Discussing the work of Kuhn, Winch and Wittgenstein in relation to fundamental question of methodology, 'Wittgenstein among the Sciences' undertakes an examination of the nature of (natural) science itself, in the light of which a series of successive cases of putatively scientific disciplines are analysed. A novel and significant contribution to social science methodology and the philosophy of science and 'the human sciences', this book is of interest to social scientists and philosophers, as well as to psychiatrists, economists and cognitive scientists.
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Table of Contents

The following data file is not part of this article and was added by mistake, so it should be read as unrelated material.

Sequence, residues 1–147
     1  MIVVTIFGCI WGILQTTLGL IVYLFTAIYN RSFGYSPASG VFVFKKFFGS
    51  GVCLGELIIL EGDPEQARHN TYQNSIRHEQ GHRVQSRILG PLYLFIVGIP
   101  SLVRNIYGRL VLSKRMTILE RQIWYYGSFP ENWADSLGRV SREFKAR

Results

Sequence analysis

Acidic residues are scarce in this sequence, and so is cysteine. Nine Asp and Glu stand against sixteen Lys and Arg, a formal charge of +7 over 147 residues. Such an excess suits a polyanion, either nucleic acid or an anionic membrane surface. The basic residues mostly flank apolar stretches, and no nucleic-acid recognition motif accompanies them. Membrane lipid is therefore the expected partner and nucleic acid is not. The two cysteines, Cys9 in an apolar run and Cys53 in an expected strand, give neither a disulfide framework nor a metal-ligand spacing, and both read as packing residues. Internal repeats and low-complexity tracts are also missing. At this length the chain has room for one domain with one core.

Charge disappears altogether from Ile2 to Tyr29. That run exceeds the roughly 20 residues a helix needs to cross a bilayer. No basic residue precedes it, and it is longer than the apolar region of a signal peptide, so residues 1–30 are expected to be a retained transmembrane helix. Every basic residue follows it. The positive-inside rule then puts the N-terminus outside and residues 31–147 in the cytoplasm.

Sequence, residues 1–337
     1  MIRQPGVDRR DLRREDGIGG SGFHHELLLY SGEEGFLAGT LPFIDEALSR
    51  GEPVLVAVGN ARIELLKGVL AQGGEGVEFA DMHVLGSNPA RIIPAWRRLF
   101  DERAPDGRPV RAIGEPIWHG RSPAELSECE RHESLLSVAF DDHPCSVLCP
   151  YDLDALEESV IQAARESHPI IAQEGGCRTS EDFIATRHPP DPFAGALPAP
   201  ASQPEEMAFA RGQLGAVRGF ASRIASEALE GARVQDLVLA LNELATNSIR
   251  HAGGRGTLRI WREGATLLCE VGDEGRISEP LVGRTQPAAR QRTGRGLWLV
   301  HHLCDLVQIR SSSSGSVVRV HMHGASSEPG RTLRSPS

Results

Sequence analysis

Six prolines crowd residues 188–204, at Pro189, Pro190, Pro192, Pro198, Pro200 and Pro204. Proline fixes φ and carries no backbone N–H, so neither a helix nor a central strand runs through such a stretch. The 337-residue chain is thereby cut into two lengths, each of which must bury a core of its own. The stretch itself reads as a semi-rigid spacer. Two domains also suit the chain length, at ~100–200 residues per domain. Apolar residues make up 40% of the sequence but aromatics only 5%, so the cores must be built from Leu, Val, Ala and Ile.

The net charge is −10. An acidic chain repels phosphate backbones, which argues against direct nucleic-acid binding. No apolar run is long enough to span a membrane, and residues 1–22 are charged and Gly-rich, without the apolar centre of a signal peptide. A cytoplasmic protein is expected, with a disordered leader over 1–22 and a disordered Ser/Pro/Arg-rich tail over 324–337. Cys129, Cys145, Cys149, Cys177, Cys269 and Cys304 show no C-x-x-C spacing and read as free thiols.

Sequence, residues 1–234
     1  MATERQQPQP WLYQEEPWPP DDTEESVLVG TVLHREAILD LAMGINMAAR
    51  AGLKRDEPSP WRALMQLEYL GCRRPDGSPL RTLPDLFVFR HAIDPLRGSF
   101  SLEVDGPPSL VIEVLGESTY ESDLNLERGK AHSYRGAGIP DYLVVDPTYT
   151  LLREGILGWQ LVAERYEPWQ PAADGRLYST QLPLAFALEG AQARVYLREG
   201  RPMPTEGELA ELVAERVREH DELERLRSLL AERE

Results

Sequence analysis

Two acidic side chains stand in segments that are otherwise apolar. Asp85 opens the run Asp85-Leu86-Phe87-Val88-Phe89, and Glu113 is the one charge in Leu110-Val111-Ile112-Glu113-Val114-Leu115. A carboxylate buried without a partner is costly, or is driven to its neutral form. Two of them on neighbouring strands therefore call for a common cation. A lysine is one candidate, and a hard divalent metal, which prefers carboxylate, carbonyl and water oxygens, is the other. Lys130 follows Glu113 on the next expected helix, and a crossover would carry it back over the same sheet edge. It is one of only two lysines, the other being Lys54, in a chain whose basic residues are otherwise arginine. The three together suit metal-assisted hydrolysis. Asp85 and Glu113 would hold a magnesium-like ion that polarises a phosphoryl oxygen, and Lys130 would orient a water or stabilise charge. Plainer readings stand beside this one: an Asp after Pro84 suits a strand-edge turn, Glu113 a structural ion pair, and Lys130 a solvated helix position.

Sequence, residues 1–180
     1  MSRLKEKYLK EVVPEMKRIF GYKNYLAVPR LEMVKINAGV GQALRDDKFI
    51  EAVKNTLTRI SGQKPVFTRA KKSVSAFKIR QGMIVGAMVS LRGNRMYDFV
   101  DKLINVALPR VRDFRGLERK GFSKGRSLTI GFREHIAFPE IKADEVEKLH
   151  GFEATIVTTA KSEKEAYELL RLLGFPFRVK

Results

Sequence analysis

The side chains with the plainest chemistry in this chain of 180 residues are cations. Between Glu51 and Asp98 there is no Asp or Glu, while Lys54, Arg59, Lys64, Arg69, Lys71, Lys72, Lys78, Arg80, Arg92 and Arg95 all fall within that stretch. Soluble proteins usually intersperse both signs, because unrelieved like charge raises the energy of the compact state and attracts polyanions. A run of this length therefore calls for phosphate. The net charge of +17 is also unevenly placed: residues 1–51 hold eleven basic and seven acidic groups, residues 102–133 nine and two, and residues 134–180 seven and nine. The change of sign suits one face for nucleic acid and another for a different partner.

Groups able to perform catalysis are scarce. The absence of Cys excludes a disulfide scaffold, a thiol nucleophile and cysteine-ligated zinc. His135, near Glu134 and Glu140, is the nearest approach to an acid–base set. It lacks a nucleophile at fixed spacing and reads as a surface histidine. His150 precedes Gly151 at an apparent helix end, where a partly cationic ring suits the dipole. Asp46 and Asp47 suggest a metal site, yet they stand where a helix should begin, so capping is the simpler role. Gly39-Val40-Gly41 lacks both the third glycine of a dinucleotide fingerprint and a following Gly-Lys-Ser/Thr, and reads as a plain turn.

Contents: Preface; Introduction, Simon Summers; Lecture Transcripts: Theories and non-theories of the human sciences; Part 1 Wittgenstein, Kuhn and Natural Science: Is Kuhn: the Wittgenstein of the sciences?; Kuhn and incommensurability: an interpretation; Wittgenstein and Kuhn on incommensurability - the view from inside; Values: another kind of incommensurability?: on incommensurability of values in science; Does Kuhn have a 'model' of science?; Inter-section: an outline Wittgensteinian elicitation of criteria. Part 2 Wittgenstein, Winch and 'Human Science': The ghost of Winch's ghost; The hard case of (severe cases of) schizophrenia; Extreme aversive emotion; Wittgenstein contra Friedman; 'Dissolving' the hard problem of consciousness back into ordinary life. A concluding summary; Rupert Read: interviewed by Simon Summers; Bibliography; Index.